Food brings everyone to the table — Celebrate Ag Day on March 23, 2021
Join the virtual event from wherever you are to hear updates from government leaders and honor the contributions of American agriculture.
Food brings everyone to the table. And this year, our virtual Ag Day celebration will bring everyone together to recognize the importance of American agriculture.
The program will include both live and pre-recorded segments with remarks from government leaders on the agriculture industry’s economic growth opportunities and how the future will be shaped by lessons learned during the COVID-19 pandemic.
A representative from the collegiate Ag Day student program will share their experiences and participants will get to hear the winning Ag Day essay as well as view the winning Ag Day video essay. 2021’s Outstanding Young Farmers will also be recognized during the event.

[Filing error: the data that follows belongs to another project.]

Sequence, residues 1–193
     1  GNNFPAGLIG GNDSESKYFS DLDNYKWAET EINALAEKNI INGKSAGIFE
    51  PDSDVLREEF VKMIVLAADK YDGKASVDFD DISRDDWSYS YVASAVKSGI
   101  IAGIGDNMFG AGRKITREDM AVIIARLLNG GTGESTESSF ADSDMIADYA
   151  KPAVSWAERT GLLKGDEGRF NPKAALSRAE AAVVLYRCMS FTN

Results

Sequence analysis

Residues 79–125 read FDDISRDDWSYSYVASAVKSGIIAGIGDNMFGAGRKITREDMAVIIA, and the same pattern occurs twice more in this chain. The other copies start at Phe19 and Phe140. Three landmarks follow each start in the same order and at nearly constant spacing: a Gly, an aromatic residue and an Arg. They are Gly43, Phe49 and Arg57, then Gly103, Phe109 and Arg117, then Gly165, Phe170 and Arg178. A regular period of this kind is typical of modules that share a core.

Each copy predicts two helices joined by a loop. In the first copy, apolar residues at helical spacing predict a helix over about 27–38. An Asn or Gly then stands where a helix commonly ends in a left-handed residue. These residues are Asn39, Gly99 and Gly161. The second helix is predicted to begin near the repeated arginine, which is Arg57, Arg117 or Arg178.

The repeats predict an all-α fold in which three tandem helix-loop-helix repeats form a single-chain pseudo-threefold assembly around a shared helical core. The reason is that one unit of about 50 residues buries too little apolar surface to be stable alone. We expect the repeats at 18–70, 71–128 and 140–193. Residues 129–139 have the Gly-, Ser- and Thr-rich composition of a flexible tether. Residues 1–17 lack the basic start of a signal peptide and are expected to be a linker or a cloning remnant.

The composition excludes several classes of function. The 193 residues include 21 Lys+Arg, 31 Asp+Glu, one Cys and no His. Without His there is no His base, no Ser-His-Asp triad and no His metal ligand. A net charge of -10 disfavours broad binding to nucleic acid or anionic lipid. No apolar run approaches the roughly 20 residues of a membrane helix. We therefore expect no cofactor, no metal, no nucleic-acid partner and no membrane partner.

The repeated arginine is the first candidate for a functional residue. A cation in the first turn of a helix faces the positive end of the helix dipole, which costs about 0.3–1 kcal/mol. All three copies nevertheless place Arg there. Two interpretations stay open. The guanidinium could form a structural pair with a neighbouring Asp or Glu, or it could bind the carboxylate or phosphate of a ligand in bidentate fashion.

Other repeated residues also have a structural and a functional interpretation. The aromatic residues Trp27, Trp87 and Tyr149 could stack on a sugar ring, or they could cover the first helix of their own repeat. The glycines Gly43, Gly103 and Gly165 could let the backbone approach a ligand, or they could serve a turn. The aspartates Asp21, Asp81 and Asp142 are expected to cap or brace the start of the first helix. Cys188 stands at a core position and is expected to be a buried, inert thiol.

The program begins on March 23, 2021, at 8:30 a.m. CST. You can register to attend now at https://us02web.zoom.us/webinar/register/WN_62Vmgy4wRJGchTpVlW3h0A.
“Hosting a virtual Ag Day event has led to some creative ways to celebrate American ag,” said Jenny Pickett, president. “The program will include informal thank you videos to farmers from individuals and companies in the industry so even though we can’t gather in person, it will still have a personal feel and energy to it.”
National Ag Day is organized by the Agriculture Council of America. ACA is a not-for-profit organization composed of leaders in the agricultural, food and fiber community, dedicating its efforts to increasing the public’s awareness of agriculture’s role in modern society.
Find more information on Ag Day and helpful tools for spreading the word about the importance of American agriculture at http://www.agday.org.
Start a dialogue, stay on topic and be civil.
If you don't follow the rules, your comment may be deleted.
User Legend: Moderator Trusted User
Of the approximately 2,270 acres that burned in the April 1, 2021, Medora, N.D., fire, rancher Doug Tescher said all but about 100 acres were U.S. Forest Service land that he utilizes for summer grazing.